namespace = {
      desc = "simple pipe"
      entities = {
        TIMEHIST = histogram(
                     desc = "histogram"
                     units = "ns"
    FUNC_LOOP = {
      entities = {
        INTERVAL_MEDIAN = interval(
                            desc = "median of loop intervals"
        INTERVAL_DERIVED = interval(
                             desc = "created from ITER_ONE and ITER_TWO"
        INTERVAL_DERIVED_MEDIAN = interval(
                                    desc = "median"

The file parameter specifies the files on the system the pipeline will read as input. The entities that are logged in these files are now added to the datastream all the other filters in this pipeline will read from. Notice that it is possible to read from multiple files at once. If multiple files are specified, a simple merge-sort on the timestamps of the individual events is used to create a single merged stream. However, if there is performance data that was not all gathered on the same machine, and thus stamped by different clocks, additional measures must be taken as described in the Global Time Line Section of the DSPP User Manual.

The namespace section of the head.input filter is used to declare any namespace information DSPP will use later in the pipeline. This is important because the filters in the pipeline can be used to construct derived entities from the raw data that was gathered. For example, the SIMPLE_PIPE/TIMEHIST is a histogram that we construct from the intervals in the raw data. Since all entities must be declared before they are used, the SIMPLE_PIPE/TIMEHIST is declared in the head filter.

Other Filters

After processing the head filter, all of the entities that were logged by the execution of simple will be in the input datastream. Each of the following filters will operate on all of these entities, in turn:


This is the first filter after the head filter, which converts TSC-based timestamps into nanoseconds. This can be very useful when comparing events with timestamps from different machines. The (FIXMEexit.D refer to new filter library component(s) when ready) utility module has a number of useful filters that can be used to modify and analyze the input stream. It is recommended to read through the code for the utility module (and each of the other filtering modules) in kusp/datastreams/src/datastreams/postprocess2/filters. The next set of filters accumulates a histogram:

   histogram = "SIMPLEPIPE/TIMEHIST"
   buckets = 40
   histogram = "SIMPLEPIPE/TIMEHIST"
   title = "time hist"

During the execution of simple, the raw datastream gathered an execution interval for each iteration in useless_loop. This information is not very useful in its raw form, and it would be nice to have a graph of the collected data. The conversion.interval_to_histogram filter generates a post-processing histogram (as opposed to a run-time histogram collected directly during execution) with 40 buckets, getting its data from the FUNC_LOOP/DSUI_OVERHEAD interval. Notice that the generated histogram SIMPLEPIPE/TIMEHIST had to be declared in the head filter. The conversion.interval_to_histogram filter will read through the entire input stream before writing the collected information to the SIMPLEPIPE/TIMEHIST histogram entity. The graph.histogram filter reads the generated SIMPLEPIPE/TIMEHIST histogram and creates a GNUPLOT graph (in .ps format by default) from it.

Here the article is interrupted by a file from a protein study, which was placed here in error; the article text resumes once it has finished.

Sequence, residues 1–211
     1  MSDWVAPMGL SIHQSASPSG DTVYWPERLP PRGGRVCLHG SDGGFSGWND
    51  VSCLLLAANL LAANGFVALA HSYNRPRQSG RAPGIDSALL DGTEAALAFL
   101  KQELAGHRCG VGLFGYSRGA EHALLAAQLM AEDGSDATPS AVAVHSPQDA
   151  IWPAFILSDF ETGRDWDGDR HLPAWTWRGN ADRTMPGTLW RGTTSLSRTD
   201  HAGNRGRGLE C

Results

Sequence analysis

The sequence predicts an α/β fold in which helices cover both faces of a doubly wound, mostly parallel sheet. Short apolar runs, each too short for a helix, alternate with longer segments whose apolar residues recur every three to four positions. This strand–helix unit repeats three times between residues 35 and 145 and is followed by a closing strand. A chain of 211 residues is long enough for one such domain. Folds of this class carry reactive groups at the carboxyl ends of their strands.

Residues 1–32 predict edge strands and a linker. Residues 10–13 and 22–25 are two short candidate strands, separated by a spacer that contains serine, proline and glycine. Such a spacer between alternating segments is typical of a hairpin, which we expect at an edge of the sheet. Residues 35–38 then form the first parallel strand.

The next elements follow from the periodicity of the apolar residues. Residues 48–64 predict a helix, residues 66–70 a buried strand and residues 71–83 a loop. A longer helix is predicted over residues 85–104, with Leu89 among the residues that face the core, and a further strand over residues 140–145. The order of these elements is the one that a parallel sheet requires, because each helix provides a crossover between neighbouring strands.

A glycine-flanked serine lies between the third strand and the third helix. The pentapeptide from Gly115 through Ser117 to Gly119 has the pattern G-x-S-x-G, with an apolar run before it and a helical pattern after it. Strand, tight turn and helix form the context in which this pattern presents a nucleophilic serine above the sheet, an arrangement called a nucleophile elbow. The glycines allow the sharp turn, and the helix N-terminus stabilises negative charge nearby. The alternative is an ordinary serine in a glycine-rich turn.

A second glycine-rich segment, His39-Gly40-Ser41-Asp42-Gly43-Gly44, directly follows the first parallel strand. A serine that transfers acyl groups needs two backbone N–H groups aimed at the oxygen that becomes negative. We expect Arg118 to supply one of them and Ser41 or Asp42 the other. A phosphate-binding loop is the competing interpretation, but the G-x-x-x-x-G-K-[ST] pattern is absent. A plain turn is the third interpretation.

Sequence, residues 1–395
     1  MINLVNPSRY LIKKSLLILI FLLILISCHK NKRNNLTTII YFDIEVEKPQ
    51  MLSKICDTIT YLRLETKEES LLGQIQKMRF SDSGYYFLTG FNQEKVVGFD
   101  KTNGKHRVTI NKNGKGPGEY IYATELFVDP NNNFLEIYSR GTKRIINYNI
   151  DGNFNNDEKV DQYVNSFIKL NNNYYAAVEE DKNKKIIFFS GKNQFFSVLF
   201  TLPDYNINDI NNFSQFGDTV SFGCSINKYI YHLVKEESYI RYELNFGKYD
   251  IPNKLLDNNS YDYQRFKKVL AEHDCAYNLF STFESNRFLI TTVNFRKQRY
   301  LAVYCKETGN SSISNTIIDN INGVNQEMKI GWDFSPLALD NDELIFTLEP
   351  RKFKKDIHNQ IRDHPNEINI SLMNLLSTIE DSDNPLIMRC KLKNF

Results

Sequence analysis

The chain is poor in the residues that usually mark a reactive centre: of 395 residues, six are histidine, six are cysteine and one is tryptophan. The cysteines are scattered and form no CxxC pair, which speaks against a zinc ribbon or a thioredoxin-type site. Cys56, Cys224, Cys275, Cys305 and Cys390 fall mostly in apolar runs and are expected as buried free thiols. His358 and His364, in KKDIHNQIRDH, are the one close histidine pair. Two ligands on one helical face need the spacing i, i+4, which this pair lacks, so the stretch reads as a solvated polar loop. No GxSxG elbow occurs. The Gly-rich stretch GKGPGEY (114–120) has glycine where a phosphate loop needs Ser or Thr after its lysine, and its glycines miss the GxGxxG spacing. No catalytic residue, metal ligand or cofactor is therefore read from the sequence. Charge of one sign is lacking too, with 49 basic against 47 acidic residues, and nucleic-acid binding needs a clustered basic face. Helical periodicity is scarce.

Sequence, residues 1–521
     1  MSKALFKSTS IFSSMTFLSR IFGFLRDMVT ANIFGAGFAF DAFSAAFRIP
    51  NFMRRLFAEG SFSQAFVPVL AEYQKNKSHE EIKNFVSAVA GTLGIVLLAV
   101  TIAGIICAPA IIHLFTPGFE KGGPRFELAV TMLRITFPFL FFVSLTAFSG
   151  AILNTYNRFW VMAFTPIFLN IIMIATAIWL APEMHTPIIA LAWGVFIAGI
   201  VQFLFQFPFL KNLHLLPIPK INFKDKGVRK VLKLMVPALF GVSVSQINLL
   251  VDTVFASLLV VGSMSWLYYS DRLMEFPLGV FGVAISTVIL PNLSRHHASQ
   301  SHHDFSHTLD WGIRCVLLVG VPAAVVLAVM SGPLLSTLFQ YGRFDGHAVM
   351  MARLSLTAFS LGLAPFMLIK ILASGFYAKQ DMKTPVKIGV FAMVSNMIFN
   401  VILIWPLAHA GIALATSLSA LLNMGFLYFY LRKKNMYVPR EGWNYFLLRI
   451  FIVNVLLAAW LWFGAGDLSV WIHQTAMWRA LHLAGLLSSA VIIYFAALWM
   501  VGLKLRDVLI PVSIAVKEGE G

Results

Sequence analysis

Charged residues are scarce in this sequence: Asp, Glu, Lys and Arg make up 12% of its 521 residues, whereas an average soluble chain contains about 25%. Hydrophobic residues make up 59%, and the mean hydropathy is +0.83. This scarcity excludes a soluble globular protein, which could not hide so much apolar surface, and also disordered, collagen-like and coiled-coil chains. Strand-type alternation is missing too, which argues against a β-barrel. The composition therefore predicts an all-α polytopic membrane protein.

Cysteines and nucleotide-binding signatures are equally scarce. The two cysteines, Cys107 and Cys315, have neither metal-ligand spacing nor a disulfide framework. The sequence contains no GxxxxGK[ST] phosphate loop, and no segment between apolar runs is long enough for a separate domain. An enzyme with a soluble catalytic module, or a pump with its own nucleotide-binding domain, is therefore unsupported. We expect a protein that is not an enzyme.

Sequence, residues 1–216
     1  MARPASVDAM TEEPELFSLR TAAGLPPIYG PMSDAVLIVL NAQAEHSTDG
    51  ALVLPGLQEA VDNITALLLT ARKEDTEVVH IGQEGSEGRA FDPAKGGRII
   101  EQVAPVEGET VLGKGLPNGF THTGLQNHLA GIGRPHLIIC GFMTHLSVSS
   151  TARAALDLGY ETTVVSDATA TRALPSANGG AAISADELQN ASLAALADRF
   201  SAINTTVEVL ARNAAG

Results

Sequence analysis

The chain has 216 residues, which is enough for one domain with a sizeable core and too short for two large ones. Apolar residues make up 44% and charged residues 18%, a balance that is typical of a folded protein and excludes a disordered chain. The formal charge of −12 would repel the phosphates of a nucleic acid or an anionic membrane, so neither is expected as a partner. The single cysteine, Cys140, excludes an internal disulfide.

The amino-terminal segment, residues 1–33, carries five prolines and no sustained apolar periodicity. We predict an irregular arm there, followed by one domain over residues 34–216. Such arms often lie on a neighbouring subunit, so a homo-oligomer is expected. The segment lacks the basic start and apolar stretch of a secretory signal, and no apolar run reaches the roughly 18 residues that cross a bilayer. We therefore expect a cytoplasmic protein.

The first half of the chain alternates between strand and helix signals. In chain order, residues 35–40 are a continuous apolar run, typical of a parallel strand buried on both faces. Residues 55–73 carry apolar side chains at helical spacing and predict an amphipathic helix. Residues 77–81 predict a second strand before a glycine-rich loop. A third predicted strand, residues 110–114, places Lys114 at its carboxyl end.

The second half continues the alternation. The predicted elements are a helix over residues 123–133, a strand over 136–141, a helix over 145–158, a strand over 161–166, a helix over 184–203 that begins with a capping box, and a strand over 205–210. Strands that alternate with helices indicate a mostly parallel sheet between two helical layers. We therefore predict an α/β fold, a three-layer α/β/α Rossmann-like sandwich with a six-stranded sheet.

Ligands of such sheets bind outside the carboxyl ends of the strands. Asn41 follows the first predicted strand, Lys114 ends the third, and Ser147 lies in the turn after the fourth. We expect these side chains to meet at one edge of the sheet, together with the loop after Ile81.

.ps stands for PostScript. You can display them by typing:

bash$: display <ps-file>

if this does not work then you may need to install software that can view .ps files, such as Inkscape.

The next filter plots a histogram accumulated at run-time:

  histogram = "FUNC_LOOP/SUM"
  title = "random"

This filter is the same as what was used to plot the SIMPLEPIPE/TIMEHIST histogram, but this operates on an entity that was created at run-time. Notice how each entity is treated the same way once it is in the input stream. This filter will cycle through the entire input stream and only plot the matching histogram. If no matching histogram is found, DSPP will throw an exception. We also wish to store sets of events output by a DSPP pipeline:

   filename = "simple.pp2"

Output filters serialize the datastream to the disk. Calling output.pickle in the middle of the pipeline saves the state of the event stream at this point. This is useful because some filters actually delete events from the datastream. This makes it possible to save an image of the entire datastream before calling these filters.

The Pickle data serialization format is more convenient as a general file format for performance data that is processed by Python based filters, and it is different from the binary run-time output of DSUI/DSKI because the binary format is optimized to minimize run-time instrumentation overhead. This is one of the file formats DSPP will automatically recognize and read entities from with its format-detection features. For more information see the Input Sources section of the DSPP User Manual. The Pickle format is currently the only format supported by the output module. However, while storing event data is ofter required, there are also many times when it is desirable to reduce a set of event data to aggregate stats:

    operation = median
    src_interval = "FUNC_LOOP/DSUI_OVERHEAD"
    dest_event = "FUNC_LOOP/INTERVAL_MEDIAN"
    consume = true